Search results

You are looking at 1 - 2 of 2 items for :

  • "gay literature" x
  • Manchester Literature Studies x
  • Refine by access: All content x
Clear All
Open Access (free)
Intimacy, Shame, and the Closet in James Baldwin’s Giovanni’s Room
Monica B. Pearl

This essay’s close interrogation of James Baldwin’s 1956 novel Giovanni’s Room allows us to see one aspect of how sexual shame functions: it shows how shame exposes anxiety not only about the feminizing force of homosexuality, but about how being the object of the gaze is feminizing—and therefore shameful. It also shows that the paradigm of the closet is not the metaphor of privacy and enclosure on one hand and openness and liberation on the other that it is commonly thought to be, but instead is a site of illusory control over whether one is available to be seen and therefore humiliated by being feminized. Further, the essay reveals the paradox of denial, where one must first know the thing that is at the same time being disavowed or denied. The narrative requirements of fictions such as Giovanni’s Room demonstrate this, as it requires that the narrator both know, in order to narrate, and not know something at the same time.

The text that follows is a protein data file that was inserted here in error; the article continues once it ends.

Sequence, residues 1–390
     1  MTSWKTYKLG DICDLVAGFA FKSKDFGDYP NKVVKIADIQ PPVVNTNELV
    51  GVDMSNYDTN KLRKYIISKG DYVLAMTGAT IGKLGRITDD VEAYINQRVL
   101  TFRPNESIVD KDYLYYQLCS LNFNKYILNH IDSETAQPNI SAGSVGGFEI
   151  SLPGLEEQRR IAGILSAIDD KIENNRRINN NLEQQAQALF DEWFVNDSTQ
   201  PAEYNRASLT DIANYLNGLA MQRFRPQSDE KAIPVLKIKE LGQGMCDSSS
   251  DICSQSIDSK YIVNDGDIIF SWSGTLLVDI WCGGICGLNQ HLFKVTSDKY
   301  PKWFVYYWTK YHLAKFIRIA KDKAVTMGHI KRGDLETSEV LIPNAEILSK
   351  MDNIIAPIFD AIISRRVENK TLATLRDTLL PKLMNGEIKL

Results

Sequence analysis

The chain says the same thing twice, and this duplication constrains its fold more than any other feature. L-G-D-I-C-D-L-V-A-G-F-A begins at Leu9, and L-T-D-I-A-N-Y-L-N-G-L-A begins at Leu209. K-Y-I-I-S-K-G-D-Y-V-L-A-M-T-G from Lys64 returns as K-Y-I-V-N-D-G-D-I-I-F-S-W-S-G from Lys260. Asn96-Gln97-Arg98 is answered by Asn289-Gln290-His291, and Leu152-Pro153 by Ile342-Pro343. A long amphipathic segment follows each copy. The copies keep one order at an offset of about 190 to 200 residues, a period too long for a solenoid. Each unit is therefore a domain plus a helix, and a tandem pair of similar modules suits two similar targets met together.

James Baldwin Review
Queer debates and contemporary connections
Kaye Mitchell

emergence of gay fiction as ‘an identifiable and important literary category’ in the 1970s and 1980s.15 It has frequently been argued that this fiction has played a vital role in the constitution of gay identities and gay community. For example, Kenneth Plummer suggests that gay culture (including literature) works to ‘make gay personhood tighter and ever more plausible’.16 In AIDS Literature and Gay Identity, Pearl claims that, historically, ‘gay literature reflected back gay culture to a gay reading public, often made up of individuals for whom gay fiction was the only

in Alan Hollinghurst